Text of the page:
Stealing the Packard and Wild Thing
About The Directors:
Dorothy Mallam trained at the Academy of Dramatic Art, Oakland University, in Rochester Michigan, joined the Meadow Brook Theater for its fourth season and obtained her equity card. Although she left professional theatre years ago, she became a founding member of the Grasse River Players, a Community Theater in Canton, New York where she has acted in and directed many shows over the years. Recent directing credits include She Stoops to Conquer, Enchanted April and The New York Idea. As a new resident of Somerville, Dorothy is delighted to be working with Bare Bones Staged Readings at Theatre@First.
Josh Coleman graduated from Plymouth State University with a degree in Theater Arts. He was an Acting Apprentice for the Powerhouse Theater at Vassar College. He was recently seen in Theatre@ First's Twelfth Night, Zero Point's Merchant of Venus and David the Musical, and Heart & Dagger's Sex Fest. He will next be seen in Zero Point's production of Killer Joe. He is thrilled to be directing this wonderful play for Theatre@First. He dedicates this performance to his friends and family for their love and support!
ONE NIGHT ONLY! Thursday, November 14th, 2013 at 8pm.
Suggested Donation $5 — General Admission — No reservations required
Stealing the Packard and Wild Thing were presented at Unity Somerville, 6 William St., Somerville.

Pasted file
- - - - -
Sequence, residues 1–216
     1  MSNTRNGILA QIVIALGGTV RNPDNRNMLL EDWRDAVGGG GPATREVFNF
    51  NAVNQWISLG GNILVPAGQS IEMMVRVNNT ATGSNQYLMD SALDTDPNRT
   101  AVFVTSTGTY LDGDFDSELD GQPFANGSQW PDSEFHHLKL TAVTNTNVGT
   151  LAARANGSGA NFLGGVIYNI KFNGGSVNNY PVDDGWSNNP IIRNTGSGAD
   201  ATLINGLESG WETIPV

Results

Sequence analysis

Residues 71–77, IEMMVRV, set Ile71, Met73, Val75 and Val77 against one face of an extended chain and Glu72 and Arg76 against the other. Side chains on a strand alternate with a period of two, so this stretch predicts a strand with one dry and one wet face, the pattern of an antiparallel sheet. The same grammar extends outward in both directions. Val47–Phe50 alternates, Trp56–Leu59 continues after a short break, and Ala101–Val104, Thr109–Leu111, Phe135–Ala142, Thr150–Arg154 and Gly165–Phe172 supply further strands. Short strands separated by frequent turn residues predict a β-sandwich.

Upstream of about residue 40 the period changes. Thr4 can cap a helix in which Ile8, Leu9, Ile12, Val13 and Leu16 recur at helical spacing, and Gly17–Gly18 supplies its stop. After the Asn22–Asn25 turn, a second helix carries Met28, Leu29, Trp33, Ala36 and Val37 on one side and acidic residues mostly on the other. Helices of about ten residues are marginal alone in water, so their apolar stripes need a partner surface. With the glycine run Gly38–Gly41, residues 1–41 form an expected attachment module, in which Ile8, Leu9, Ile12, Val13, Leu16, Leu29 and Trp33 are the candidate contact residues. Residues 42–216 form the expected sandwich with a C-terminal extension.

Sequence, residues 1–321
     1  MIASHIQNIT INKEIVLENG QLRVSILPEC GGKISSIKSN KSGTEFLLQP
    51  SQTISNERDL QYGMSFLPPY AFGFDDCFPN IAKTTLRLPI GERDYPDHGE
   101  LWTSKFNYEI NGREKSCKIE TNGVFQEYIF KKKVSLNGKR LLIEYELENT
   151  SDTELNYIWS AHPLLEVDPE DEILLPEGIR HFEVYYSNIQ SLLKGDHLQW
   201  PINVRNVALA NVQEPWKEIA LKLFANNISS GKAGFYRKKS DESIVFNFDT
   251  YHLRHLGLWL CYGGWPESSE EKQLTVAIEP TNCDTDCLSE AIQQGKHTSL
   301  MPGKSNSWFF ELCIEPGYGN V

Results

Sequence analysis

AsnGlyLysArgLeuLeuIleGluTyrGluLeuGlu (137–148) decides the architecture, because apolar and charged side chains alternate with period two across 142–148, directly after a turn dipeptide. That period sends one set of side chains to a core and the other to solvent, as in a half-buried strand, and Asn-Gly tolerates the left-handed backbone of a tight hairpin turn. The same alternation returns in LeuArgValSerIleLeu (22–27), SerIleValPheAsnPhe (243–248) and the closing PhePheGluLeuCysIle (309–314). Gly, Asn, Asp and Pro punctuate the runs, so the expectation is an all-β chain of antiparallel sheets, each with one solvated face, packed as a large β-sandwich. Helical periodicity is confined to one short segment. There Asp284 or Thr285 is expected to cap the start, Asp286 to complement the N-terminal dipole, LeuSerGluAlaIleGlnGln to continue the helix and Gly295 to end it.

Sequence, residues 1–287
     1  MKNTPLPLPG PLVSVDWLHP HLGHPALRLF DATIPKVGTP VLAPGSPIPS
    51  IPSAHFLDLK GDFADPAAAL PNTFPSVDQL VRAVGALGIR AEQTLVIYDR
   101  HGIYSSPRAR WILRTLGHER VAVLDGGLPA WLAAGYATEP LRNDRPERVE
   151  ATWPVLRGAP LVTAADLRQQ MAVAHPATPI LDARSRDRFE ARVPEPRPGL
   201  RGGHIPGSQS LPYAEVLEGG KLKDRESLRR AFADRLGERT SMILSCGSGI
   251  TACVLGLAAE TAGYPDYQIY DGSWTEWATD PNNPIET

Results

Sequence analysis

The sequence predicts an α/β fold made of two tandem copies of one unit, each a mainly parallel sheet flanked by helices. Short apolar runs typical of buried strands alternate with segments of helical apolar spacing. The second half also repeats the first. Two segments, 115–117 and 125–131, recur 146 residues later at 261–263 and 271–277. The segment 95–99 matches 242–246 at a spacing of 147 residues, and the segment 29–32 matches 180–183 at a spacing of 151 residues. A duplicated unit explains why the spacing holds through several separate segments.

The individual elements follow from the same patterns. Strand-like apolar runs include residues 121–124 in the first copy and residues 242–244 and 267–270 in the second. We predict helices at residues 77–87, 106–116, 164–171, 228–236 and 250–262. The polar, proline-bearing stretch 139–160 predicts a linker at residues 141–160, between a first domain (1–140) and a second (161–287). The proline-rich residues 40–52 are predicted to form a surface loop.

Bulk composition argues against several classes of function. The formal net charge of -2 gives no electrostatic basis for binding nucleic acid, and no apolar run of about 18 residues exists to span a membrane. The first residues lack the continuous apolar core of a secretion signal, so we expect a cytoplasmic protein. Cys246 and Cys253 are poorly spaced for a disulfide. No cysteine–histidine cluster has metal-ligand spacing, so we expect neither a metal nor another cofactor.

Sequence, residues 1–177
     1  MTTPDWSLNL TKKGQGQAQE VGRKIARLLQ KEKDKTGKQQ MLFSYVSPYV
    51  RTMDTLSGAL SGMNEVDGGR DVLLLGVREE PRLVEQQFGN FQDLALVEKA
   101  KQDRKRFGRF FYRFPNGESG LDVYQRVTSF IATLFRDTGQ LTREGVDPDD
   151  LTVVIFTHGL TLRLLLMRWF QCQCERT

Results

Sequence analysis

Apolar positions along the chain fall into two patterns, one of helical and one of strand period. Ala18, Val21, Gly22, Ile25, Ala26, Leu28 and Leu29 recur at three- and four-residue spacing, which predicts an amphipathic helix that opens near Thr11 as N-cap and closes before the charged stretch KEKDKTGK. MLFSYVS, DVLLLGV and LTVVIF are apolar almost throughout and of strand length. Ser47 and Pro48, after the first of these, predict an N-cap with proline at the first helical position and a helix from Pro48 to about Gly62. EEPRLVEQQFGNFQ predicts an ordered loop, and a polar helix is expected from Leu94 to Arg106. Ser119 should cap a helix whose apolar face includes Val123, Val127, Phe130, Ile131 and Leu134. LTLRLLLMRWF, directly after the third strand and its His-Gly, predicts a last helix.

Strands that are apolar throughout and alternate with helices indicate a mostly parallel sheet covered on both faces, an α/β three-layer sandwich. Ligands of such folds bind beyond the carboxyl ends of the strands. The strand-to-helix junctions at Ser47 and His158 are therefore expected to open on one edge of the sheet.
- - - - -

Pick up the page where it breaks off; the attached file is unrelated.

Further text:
The performance space is not wheelchair-accessible.
Parking on William St is by permit only. General parking is available on College Ave. Please read signs carefully to avoid ticketing.
Stealing the Packard
by Peter Shelburne
directed by Dorothy Mallam
Martin's garage used to house his 1952 Packard Clipper, but the Packard has been missing since his death. Now his widow, Ruth, takes comfort in having her meals where the Packard once stood as she wrestles with her grief. Her children complain, her neighbor comforts, her fifteen- year old grandson, Jasper, struggles with his own sense of loss as everyone tries to discover who stole the Packard. Filled with poignancy and humor, Peter Shelburne's play puts us in touch with our struggle to hang on to the old and our need to find new paths when confronted with grief and change.
by Anna Smith
directed by Josh Coleman
A heartwarming tale about a married couple reminiscing how they have lost their spark, only to find the romance is not as dead as they thought.